How to enter a new market: learn what works and what doesn’t

Pro insights from Mauro Nardocci, marketing expert and market entry specialist

There comes a time in business where you outgrow your home market and the opportunity before you becomes an exciting global prospect. If you’ve made it this far, congratulations, there’s no doubt that you understand your existing market channels, which message resonates, and have an excellent your ideal customer profile (ICP). 

The problem? Entering a new market, whether global or not, doesn’t always mean you can replicate the marketing and business strategy from your home market. Many successful companies have failed miserably with new market entry from Target’s bid to enter Canada to eBay’s desire to gain a foothold in China. Or, you can encounter complications like the recent fiasco between TikTok and the US Government. 

We sat down briefly with Mauro Nardocci, who is a marketing expert with experience in helping brands enter new markets successfully. 

Prox: Tell us about your expertise

>> Mauro Nardocci: 

“I work with a lot of companies in the fast-moving consumer goods category. Often they need advice from someone who has taken brands into new markets. I also help with product innovation and communication strategy. 

Tactically, I help with things like identifying the right audience to target, selecting the right messaging per audience and finding the right channels to reach them.

I grew up and worked for our family-owned supermarket. I got a lot of first-hand exposure to consumer preferences, understanding what message sold and what didn’t. This experience is how I developed an early passion for marketing.” 

Prox: What are some the common mistakes you see with brands trying to enter new markets?

>> Mauro Nardocci:

“The biggest issue is not having a clear picture of the activities and impact of those activities. But there are a lot of nuanced mistakes specific to market entry, like: 

  • Replicating a successful campaign from one market and applying it directly into the new market. Assuming one marketing formula will work everywhere.
  • They copy marketing campaigns from other brands in that market but don’t understand the subtleties of that brand and how its relationship with customers. 
  • A lot of companies will attempt to go big from the onset to make an immediate impact. Unfortunately, this costs a lot and without the right research often fails. What then happens is there is no marketing budget left.

Prox: any quick advice for entering new markets? 

How to enter new markets like China

>> Mauro Nardocci: 

“First, understand how the market is structured, who are the competitors, what are consumer preferences like market channels and cultural norms.

“Understand how the market is structured, who are the competitors, what are consumer preferences like market channels and cultural norms.” 

Mauro Nardocci

Second, develop a strategy with an agile marketing approach. Start on a small scale, then optimize as you progress before you make a significant investment.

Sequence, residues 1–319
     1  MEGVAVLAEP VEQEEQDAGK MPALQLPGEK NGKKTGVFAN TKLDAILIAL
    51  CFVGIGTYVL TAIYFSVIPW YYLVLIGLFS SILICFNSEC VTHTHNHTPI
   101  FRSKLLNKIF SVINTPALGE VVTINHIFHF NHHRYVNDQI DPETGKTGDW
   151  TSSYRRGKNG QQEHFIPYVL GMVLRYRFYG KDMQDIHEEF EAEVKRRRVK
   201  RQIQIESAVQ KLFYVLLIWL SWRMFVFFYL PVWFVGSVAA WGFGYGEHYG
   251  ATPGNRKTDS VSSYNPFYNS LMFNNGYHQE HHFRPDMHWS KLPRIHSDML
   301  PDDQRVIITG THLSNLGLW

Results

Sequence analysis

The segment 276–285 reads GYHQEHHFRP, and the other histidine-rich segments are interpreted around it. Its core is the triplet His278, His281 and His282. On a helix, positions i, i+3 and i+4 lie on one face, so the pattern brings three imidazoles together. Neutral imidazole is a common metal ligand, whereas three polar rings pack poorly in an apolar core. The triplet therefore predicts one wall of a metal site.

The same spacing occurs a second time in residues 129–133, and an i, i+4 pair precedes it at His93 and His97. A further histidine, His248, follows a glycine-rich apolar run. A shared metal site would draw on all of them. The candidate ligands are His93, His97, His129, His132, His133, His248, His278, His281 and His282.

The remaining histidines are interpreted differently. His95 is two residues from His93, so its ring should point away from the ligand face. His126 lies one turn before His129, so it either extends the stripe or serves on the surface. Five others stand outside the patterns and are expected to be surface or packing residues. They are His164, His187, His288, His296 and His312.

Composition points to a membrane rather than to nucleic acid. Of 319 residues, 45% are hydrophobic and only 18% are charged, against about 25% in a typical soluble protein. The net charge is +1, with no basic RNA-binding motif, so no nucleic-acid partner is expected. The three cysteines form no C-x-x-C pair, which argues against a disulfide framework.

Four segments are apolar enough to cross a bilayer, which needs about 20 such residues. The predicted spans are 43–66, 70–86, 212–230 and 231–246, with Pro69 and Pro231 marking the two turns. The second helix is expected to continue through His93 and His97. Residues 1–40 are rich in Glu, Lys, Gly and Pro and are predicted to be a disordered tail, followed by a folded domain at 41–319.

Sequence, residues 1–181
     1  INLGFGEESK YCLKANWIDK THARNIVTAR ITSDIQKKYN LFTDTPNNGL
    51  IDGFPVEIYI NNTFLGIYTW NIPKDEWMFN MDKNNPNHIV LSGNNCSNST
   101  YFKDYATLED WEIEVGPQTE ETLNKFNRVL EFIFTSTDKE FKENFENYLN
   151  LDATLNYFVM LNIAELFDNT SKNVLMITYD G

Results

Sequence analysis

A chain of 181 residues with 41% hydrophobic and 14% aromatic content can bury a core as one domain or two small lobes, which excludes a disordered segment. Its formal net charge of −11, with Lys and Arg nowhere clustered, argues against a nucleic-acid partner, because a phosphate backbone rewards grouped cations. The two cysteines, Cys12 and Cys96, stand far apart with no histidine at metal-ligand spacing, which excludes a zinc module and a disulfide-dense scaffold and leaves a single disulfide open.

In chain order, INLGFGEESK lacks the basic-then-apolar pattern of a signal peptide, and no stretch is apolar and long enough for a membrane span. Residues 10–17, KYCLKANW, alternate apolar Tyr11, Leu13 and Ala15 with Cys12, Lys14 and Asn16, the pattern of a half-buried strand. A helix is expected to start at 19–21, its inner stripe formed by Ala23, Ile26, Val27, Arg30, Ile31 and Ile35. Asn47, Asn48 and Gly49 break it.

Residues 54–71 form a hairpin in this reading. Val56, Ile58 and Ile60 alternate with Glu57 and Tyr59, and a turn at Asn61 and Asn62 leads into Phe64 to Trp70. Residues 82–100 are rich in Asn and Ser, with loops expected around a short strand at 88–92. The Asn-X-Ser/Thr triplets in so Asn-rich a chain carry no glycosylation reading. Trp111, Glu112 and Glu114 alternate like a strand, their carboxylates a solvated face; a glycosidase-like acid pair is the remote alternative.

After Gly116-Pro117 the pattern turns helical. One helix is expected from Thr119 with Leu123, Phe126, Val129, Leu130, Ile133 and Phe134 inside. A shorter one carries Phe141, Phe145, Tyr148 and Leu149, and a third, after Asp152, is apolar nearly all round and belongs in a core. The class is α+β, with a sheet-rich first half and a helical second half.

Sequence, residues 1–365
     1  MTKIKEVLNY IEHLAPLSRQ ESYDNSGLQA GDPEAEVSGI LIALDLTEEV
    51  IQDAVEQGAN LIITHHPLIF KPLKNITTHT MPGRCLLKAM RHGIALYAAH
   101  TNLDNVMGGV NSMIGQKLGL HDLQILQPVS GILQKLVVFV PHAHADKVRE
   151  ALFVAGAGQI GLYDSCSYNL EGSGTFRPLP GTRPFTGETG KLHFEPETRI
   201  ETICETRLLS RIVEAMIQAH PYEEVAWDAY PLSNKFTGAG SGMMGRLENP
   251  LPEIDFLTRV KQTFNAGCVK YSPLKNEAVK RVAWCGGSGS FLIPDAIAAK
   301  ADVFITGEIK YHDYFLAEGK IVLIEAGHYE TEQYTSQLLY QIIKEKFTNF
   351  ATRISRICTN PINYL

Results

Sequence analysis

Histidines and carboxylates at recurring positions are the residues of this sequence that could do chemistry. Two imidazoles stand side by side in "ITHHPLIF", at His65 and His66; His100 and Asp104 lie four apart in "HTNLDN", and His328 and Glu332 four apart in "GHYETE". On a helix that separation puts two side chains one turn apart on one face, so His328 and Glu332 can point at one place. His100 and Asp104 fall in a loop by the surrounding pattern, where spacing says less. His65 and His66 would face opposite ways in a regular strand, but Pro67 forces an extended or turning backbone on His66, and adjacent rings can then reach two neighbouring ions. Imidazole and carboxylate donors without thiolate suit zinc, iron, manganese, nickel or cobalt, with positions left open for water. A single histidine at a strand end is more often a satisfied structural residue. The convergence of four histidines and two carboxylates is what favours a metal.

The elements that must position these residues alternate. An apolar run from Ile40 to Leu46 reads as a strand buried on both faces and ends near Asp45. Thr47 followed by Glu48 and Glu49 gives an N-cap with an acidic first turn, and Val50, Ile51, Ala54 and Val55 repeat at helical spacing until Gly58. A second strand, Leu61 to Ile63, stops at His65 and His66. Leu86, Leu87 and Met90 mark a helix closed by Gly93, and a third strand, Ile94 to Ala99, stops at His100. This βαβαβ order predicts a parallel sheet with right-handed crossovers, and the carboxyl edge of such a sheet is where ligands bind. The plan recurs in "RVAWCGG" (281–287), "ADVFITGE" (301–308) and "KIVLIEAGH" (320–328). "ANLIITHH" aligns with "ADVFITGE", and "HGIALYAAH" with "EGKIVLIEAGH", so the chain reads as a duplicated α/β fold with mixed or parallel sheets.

Last, identify entry points, test them, then scale-up through partnerships, this approach helps you become part of the community.”

Prox: any examples of brands that you think did a good job entering new markets? 

>> Mauro Nardocci: 

“I have a few, but the two that come to mind are Hagen-Dazs ice cream and Barillia’s entry into China. Everyone wants to enter China, a lot fail, but these two are successful. 

Hagen-Dazs started small, entered as exclusive ice cream and sold through boutique ice cream shops. Once that had proven successful, they then moved into grocery stores once the consumer got a taste for the ice cream and the brand.   

I led the market entry for Barilla into China. Like Hagen-Dazs, we started small. We opened up restaurants and provided help through cooking classes. We were able to create a unique experience for Chinese consumers, where they got to learn and appreciate the art of Italian cooking.”

Prox: Do you have any sources of inspiration?

>> Mauro Nardocci: 

“I have a lot of admiration for two former CEOs I worked for, Claudio Colzani (CEO of Barilla), and Giuseppe Morici (CEO of the Bolton Group). I loved their vision and leadership style; both focused on ultimate clarity.   

I also love this quote from poet, Ted Joans: ‘Everything that is was once imagined.’ This verse speaks to me for two reasons. On one side, it expresses the power of strategy and on the other, the power and importance of vision.”

“Everything that is was once imagined.”

Ted Joans

Prox: What trends of predictions to you foresee for 2021?

>> Mauro Nardocci: 

Because of the pandemic, I believe we will continue to see a growth in fast-moving consumer goods. People want quality, convenience, comfort and a sense of familiarity. If they’re able to continue delivering on this promise, I think they will see continued growth even after the pandemic. 

I don’t see too many new trends with media dynamics that haven’t already started, with the exception that the pandemic will amplify things. For example, with the use of multiple screens, I believe we will see continued growth in micro-messaging and being to deliver that mico-message quickly.”

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